Remittances to Pakistan touched $2 billion in October this year – the second time the inflow from expatriate Pakistanis living in different countries totalled the $2 billion figure in 2018.
According to analysis from the Economist Intelligence Unit (EIU), October remittances stayed above the average monthly remittances of $1.7 billion. The increase in remittances was driven primarily by the weakening of the Pakistani rupee, which made the currency attractive for the expat population.
EIU predicts higher remittances for Pakistan in 2018 compared to the previous year. Among other factors driving the higher inflows are the rising oil prices and better economic conditions in the Gulf countries – which boast a sizeable proportion of the expat population.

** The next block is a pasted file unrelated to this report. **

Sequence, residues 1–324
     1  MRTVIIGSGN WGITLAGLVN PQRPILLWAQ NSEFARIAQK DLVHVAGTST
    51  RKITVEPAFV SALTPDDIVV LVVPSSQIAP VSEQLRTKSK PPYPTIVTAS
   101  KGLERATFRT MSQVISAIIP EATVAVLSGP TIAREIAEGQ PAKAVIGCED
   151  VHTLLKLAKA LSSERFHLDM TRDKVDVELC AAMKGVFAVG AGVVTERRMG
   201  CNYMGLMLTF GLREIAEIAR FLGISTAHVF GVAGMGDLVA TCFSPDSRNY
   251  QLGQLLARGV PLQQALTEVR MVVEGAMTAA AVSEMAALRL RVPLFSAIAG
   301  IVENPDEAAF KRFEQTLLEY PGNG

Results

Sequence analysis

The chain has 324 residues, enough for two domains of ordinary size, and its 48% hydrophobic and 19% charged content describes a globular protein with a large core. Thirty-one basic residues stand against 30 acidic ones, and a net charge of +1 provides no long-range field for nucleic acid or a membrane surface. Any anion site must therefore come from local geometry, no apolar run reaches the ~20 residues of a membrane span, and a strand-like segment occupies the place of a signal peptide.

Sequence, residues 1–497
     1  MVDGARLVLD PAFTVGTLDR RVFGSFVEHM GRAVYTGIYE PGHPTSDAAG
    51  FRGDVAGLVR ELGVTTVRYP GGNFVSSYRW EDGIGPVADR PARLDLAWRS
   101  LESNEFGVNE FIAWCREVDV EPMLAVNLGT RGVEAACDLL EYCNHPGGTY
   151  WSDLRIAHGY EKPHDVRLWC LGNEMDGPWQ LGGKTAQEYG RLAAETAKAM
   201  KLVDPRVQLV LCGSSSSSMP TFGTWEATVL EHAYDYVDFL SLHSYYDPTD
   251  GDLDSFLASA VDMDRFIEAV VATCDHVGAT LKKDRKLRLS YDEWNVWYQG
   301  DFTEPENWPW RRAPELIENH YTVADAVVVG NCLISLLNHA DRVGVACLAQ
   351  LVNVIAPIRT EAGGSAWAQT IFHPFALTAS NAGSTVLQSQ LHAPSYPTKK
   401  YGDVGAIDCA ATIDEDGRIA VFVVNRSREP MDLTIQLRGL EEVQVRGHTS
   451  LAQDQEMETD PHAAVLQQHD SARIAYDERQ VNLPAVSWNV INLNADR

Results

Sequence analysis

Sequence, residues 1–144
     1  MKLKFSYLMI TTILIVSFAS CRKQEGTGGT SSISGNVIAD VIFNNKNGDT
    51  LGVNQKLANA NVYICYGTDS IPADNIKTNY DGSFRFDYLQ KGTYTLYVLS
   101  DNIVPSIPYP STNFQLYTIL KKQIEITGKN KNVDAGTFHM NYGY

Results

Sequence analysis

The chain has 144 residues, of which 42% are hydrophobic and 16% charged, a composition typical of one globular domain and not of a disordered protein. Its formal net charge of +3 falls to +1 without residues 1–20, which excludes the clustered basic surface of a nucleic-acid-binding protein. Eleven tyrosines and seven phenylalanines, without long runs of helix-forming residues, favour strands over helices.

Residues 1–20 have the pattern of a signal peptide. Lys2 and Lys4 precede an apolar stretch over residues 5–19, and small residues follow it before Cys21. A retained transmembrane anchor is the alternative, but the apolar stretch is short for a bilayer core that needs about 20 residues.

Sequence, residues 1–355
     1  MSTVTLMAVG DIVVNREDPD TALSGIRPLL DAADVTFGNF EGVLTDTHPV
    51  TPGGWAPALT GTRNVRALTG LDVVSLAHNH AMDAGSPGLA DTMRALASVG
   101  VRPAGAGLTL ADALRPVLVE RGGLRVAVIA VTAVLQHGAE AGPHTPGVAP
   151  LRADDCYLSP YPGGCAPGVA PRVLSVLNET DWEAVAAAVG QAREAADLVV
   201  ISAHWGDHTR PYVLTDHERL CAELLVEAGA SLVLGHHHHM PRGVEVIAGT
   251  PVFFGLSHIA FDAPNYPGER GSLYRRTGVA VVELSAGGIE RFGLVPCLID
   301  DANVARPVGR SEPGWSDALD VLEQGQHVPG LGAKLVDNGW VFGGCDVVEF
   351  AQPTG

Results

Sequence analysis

Remittances from Saudi Arabia posted a rise of 7.3% in October, with the figure likely to pick up in 2019 as oil prices are expected to rise slightly more.
The higher remittances, however, will not be enough to plug external sector financing gaps, EIU warned.
The current account deficit is estimated to fall to $13.1 billion in 2019, against projections of $18.3 billion in 2018. The deficit will stand at around 5.8% of the GDP, it stated.
An International Monetary Fund bailout program is likely to begin in early 2019. Loans from bilateral donors might also avert a balance-of-payments crisis, EIU added.